Evolution of EDM Makes an Imprint at City College

By Diana Chuong

 

Starting fall 2017 music professor Matthew Creer along with the broadcasting and computer-science department, will start offering City College students a new program that combines computer coding and melody production along with two certificates students can obtain at the end of the program.

 

The certificates that are being processed by the curriculum committee are “Music Technology” and “Computers and Science.” Creer said that each certificate caters differently depending on what the student is looking for. Music technology will get you entry level work in a technical field. It doesn’t necessarily have to be coding, but rather work as a technician for electronic instruments or setting up bands.

 

Electronic Dance Music (EDM) has made its way to being one of the top mainstream genres. However, the roots of EDM dates back to the beginning of the 20th century. Music department chair Madeline Mueller said the classical traditions of electronic music go back to the 1930s.

 

The main electronic instrument was the theremin which projected a high pitched, eerie sound. From then the expansion of electronic music instruments increased. One of the most popular devices was the moog synthesizer. It generates electric signals that are converted to sound through instrument amplifiers and loudspeakers or headphones.

 

“There were these studios in America,most of them in the Bay Area- were solid. Yes New York had stuff but I think California was where all the action for tape music was” Mueller said.

 

Electronic courses were first offered at City College in 1972. Mueller’s husband, Jerry, was the first instructor for the United State’s first electronic course offered at a community college.

 

“We had a dean who was interested in the state of the art equipment and he asked me to find somebody in the engineering department who can build electronic kinds of instruments such as synthesizers, mogues, buccas,” Mueller said. “Because I taught 20th century music, he said I would be in charge of teaching literature and have someone from engineering build the equipment.”

 

Unfortunately, there was no one in engineering who wanted to take on the job. Mueller then suggested having her husband take the reigns on the course since he’s both a composer that works with electronics and computer language. The school hired him in the disciplinary department.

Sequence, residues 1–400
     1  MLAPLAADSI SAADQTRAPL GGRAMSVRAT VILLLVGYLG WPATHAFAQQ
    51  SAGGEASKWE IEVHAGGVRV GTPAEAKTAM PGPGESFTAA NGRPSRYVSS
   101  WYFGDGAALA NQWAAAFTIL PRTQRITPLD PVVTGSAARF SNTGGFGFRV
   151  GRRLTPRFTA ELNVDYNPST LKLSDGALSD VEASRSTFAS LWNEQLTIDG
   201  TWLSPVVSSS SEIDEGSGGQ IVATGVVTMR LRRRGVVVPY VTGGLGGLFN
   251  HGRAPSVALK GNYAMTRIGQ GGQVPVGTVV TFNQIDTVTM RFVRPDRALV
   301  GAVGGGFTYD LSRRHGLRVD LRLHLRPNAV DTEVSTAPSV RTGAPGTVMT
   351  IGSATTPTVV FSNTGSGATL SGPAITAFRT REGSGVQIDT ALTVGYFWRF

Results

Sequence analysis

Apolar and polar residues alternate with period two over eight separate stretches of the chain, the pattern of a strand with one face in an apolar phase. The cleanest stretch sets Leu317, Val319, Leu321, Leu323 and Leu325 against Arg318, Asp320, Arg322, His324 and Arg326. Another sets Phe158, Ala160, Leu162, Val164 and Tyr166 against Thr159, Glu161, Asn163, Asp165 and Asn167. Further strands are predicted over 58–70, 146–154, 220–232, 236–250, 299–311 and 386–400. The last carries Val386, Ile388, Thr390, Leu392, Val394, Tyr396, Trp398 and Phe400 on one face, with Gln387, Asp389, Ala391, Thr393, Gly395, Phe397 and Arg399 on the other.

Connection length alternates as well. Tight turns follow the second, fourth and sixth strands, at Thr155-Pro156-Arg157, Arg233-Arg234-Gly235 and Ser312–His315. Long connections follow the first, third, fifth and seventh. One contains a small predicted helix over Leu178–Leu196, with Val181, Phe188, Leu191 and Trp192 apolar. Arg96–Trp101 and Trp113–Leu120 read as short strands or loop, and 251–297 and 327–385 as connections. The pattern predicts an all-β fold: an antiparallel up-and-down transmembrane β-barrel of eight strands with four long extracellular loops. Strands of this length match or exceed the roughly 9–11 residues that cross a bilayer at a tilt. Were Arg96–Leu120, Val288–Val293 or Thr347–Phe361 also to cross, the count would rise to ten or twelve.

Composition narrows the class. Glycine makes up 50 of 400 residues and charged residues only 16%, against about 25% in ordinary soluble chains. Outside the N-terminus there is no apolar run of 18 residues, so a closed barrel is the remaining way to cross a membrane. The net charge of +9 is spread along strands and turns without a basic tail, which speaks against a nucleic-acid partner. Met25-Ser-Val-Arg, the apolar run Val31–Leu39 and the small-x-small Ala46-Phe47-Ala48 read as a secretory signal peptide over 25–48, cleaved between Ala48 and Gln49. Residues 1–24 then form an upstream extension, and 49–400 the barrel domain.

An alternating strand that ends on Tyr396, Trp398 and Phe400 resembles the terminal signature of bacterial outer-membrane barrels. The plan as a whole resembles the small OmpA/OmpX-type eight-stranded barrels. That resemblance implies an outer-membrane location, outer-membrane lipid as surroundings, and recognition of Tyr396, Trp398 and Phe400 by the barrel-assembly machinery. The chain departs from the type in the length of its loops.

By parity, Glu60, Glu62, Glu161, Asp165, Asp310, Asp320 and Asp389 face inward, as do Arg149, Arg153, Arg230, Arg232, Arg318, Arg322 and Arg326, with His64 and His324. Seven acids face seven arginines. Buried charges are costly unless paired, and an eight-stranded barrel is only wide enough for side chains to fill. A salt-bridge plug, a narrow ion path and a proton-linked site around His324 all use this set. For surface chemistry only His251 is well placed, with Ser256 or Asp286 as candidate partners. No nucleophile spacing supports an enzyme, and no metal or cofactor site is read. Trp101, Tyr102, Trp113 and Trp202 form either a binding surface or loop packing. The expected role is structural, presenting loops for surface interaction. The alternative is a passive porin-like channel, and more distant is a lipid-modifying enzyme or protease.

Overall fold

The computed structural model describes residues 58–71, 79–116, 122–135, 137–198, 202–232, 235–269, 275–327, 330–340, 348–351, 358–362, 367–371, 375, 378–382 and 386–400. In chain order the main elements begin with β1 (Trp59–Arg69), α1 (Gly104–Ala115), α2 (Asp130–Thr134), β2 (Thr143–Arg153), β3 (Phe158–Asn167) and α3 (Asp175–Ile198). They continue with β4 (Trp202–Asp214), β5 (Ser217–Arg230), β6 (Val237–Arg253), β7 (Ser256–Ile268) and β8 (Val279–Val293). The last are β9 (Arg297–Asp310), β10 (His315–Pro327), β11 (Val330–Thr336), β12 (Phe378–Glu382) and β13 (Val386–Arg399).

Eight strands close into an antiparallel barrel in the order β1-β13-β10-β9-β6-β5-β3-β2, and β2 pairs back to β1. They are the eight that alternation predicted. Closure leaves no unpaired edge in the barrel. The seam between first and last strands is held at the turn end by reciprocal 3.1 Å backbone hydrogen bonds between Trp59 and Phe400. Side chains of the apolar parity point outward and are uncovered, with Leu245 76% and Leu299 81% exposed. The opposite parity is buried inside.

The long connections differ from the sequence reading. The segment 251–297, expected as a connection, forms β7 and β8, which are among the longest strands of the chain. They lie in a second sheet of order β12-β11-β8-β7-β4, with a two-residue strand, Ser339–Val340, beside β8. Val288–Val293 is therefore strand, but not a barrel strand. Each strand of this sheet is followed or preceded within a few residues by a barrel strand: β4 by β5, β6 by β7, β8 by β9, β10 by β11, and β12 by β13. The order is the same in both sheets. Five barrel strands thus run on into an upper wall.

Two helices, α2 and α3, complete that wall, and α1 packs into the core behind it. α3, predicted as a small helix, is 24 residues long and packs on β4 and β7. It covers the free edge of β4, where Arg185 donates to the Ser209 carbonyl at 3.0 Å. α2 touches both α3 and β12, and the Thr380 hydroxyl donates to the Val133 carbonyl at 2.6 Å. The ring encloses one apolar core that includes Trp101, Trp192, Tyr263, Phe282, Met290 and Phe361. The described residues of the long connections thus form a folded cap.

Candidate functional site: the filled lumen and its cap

The classes first started off in Mueller’s basement. They had all the right equipment in their basement to teach students how to work on the synthesizers, tapes, loops (splice). After a year into the course, the administration wanted to formally move it out of the disciplinary department to the music department.

 

It was a course well invested. Some of the pioneers of electronic music were former students of Mueller. Artists such as Patrick Cowley, Blaine Reininger, Tuxedomoon and Steven Brown all came from the City College’s music lab.

 

Now, the departments that are designing these certificates will be a stepping stone for students aiming for something bigger.

 

“I am most especially excited for the ‘Computer and Music’ certificate in particular,”  Creer said. His reason being that The Bay Area is the focal point for technology. “There are jobs and internships out there, we’re in the heart of it! We are talking with the people of Dolby Sound. There’s also a local software company called Cycling ‘74 and of course there are jobs at Apple, Google, and Spotify,” he said.

 

Creer said digital sound companies all across the Bay Area are going to want to have somebody who understands digital audio and someone who understands the aesthetics of music. They encourage their employees in their creative endeavor.

 

At the heart of all of this, there’s a fundamental knowledge of how music works, how the technology works and how those go together and then you can go in all these different directions,” Creer added.

 

He believes focusing on techniques is important for students to come up with their own creative approach. It’s the students who come up with their own styles and hone the elements of what goes into making a sound. “Once that skill is achieved, they can then understand how a particular waveform could affect the musical piece and combining that with other components is going to get them so much more out of their own music,” said Creer.

 

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